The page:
The Benefits that Employees Want in 2013
There are social changes that have gone some way to negating the long term
We live in an age of conflicting economic portents, where various countries throughout the world hover between the margins of recession and minimal growth.
No country embodies these circumstances like the U.S., whose fortunes continue to fluctuate in line with global instability.
Take the national unemployment rate, for example, as although it continues to fall economists believe that this is primarily due to the creation of low paid and short term jobs.
As a result of this uncertainty and the paper thins foundations of the U.S. economic recovery, businesses are being forced to reduce costs and consolidate their existing operation.
While this may impact negatively on some aspects of their business, however, there are corresponding social changes that have gone some way to negating any long term decline.
In fact, forward thinking firms are well placed to attract and retain talent despite the economic condition, as employees are increasingly motivated by more than bottom line salary.
Click the read more button to discover more of what Lewis has to share…read more
Shrinking Workforce, Average Stay Now at 17 months, Skill Levels Requiring Employer Investment
Businesses are increasingly under stress to maintain key employees — what to do?
Current trends show that the average employee remains with one company for approximately 17 months before moving on.
When an employer weighs the options for retaining an employee or letting the individual go, the arguments in favor of getting the employee to stay may not be as obvious.
However, a recent study conducted by the Center for American Progress revealed that employers incur a cost of approximately 20% of an employee’s salary when the individual leaves.
Do the math and it’s clear to see that the cost of losing a $50,000-per-year employee can add up to a loss of $10,000 for the employer.
Various considerations can help employers maintain current talent, while saving them the time, effort, and money involved in dealing with a high rate of turnovers.
Click the read more button to discover more of what Mary has to say on retaining talent…read more
Being a Referee May Be a Necessary Step of Your Management
Key is learning how to step-in with out stepping-in the middle
One of the most difficult parts of business management is mediating conflicts between employees.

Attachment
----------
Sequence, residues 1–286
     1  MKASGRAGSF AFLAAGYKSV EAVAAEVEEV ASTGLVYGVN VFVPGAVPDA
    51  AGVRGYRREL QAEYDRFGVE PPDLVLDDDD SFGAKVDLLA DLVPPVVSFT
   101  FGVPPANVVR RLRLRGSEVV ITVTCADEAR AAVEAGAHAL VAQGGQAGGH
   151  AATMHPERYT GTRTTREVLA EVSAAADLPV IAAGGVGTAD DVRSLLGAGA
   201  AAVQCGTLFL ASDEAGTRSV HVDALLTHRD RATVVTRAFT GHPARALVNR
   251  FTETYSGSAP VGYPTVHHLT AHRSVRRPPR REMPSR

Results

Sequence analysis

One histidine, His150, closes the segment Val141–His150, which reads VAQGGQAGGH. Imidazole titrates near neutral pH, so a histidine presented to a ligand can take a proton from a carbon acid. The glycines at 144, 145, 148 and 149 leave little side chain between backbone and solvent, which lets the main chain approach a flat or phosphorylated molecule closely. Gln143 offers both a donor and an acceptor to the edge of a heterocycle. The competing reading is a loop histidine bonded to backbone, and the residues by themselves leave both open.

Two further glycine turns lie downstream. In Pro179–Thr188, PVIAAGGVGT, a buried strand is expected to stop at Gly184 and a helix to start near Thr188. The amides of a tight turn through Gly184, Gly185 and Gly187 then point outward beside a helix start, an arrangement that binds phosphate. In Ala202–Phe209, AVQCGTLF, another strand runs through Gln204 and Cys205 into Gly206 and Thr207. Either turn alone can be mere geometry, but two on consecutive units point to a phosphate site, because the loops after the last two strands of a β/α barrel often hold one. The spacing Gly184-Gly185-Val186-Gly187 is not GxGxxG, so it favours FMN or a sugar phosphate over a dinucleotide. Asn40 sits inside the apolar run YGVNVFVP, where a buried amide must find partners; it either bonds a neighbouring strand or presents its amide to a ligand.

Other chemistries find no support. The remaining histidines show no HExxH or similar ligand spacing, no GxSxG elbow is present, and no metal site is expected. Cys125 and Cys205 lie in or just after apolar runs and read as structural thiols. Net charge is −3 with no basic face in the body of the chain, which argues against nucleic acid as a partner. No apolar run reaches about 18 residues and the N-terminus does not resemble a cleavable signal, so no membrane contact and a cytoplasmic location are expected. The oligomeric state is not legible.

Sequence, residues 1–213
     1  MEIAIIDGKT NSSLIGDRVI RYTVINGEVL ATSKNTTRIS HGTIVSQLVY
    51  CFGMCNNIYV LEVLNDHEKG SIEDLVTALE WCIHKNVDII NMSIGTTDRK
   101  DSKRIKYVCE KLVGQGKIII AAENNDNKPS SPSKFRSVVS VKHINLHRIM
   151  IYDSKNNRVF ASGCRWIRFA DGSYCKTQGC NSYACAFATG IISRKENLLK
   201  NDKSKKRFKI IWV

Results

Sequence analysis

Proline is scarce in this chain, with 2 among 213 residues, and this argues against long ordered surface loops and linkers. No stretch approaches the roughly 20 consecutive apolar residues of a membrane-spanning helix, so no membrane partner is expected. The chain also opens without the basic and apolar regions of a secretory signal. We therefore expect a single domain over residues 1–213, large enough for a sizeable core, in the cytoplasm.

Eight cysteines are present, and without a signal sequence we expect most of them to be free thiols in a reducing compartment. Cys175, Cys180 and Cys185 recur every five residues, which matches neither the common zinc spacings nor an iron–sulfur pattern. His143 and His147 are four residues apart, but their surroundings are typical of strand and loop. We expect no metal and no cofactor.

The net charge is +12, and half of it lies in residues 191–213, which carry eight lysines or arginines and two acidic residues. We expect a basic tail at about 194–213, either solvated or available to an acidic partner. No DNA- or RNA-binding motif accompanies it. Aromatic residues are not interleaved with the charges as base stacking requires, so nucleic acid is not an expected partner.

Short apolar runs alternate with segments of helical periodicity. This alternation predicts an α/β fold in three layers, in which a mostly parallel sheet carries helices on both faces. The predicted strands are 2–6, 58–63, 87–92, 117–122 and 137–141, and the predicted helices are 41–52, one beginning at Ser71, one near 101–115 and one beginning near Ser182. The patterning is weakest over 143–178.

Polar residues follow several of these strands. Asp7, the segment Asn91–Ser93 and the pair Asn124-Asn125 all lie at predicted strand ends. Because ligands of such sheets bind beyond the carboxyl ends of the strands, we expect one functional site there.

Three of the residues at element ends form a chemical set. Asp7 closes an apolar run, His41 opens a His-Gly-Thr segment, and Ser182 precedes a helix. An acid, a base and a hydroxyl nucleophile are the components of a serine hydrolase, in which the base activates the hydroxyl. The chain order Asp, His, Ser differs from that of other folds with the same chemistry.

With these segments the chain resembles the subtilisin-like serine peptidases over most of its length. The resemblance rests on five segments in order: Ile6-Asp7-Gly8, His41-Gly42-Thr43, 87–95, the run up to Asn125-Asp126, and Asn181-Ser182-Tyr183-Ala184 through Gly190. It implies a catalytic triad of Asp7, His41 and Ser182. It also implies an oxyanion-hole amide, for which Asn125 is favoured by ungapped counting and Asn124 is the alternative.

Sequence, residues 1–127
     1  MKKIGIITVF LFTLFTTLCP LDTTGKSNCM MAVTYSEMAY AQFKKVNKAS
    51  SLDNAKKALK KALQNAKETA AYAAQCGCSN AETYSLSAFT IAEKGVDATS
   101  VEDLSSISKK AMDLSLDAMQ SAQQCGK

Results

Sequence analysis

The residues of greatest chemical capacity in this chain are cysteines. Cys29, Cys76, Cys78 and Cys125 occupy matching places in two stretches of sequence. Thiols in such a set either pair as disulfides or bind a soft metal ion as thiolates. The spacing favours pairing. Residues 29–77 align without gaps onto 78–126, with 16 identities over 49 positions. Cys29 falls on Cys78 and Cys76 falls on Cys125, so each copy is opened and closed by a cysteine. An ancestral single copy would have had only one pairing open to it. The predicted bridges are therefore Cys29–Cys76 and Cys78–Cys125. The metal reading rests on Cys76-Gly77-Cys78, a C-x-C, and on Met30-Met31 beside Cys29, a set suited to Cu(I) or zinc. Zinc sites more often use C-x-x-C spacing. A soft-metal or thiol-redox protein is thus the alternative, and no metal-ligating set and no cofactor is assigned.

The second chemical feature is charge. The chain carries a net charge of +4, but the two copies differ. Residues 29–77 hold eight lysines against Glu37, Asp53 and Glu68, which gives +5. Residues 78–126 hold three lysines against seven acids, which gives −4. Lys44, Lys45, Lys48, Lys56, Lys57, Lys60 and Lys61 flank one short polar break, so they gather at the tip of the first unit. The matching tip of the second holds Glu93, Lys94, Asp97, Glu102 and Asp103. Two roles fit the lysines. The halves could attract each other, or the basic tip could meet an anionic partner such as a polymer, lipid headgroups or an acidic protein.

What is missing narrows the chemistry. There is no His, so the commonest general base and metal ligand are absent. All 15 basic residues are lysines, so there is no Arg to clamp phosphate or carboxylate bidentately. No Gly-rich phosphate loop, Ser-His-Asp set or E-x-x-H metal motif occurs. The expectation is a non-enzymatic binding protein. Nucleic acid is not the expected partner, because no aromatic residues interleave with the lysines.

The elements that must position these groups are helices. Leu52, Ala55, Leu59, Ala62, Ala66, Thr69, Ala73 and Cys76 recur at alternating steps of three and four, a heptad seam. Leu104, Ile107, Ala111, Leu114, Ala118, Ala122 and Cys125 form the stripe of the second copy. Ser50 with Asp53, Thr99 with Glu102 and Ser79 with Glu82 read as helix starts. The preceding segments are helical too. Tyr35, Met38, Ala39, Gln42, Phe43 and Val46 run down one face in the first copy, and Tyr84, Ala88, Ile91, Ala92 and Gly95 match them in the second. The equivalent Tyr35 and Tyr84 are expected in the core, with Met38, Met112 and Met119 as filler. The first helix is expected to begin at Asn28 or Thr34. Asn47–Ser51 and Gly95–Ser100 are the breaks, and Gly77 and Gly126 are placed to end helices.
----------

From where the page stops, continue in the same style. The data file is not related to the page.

Calming things down, repairing relations, and reinstating the status quo is complicated.
Click the read more button to discover some things you can do to help things along as shared by Erin Steiner…read more
Employee Morale Can Make or Break Your Business
A diligent and trustworthy employee is difficult to find.
Not only are diligent and trustworthy employees hard to find, they’re difficult to keep as well.
One of the key reasons for their exit?
When an excellent employee suddenly leaves a company, or steadily declines in his or her quality of work, then low morale is usually the issue.
Employee morale is the ability of the employees to successfully perform and complete tasks based on their discipline, confidence, happiness, and teamwork.
Keeping employee morale high can increase your business’s productivity and revenue.
Click the read more button to discover 4 ways that morale can affect your business as well as some tips to boost employee morale…read more
Microsoft, Apple, Ford Motor Co., GE, and Intel were 5 of the most profitable companies (excluding banks and oil outfits) in 2012, according to CNN Money.
It is no coincidence that all the aforementioned companies are also featured on the CareerBliss 50 Happiest Companies list for 2013.
Business owners must strike that delicate balance between getting the most out of their employees, while offering enough incentive to retain the talent that brings innovation and profit to the company.
Some of the more unconventional strategies may not be for every CEO, but the results are undeniable.
Click the read more button to discover more about unconventional incentive strategies…read more
Employee absence costs businesses billions in revenue every year and remains one of the biggest concerns for Senior Management and Human Resources. It not only costs in terms of sick pay, but also in lost productivity. Additionally, it can affect morale when colleagues have no choice but to ‘pick up the slack’. Designing and Implementing an effective Absence Management programme may go a long way in providing a better environment for all. Guest blogger Finley Talbot provides some suggestions…read more
This article is from guest blogger Jason Lancaster, a relocation professional and writer. Employee relocation policies can vary widely from company to company based on large variety of different business practices. However, there are staple relocation benefits that all good policies share. Jason discusses many of these good-to-have relo benefits…read more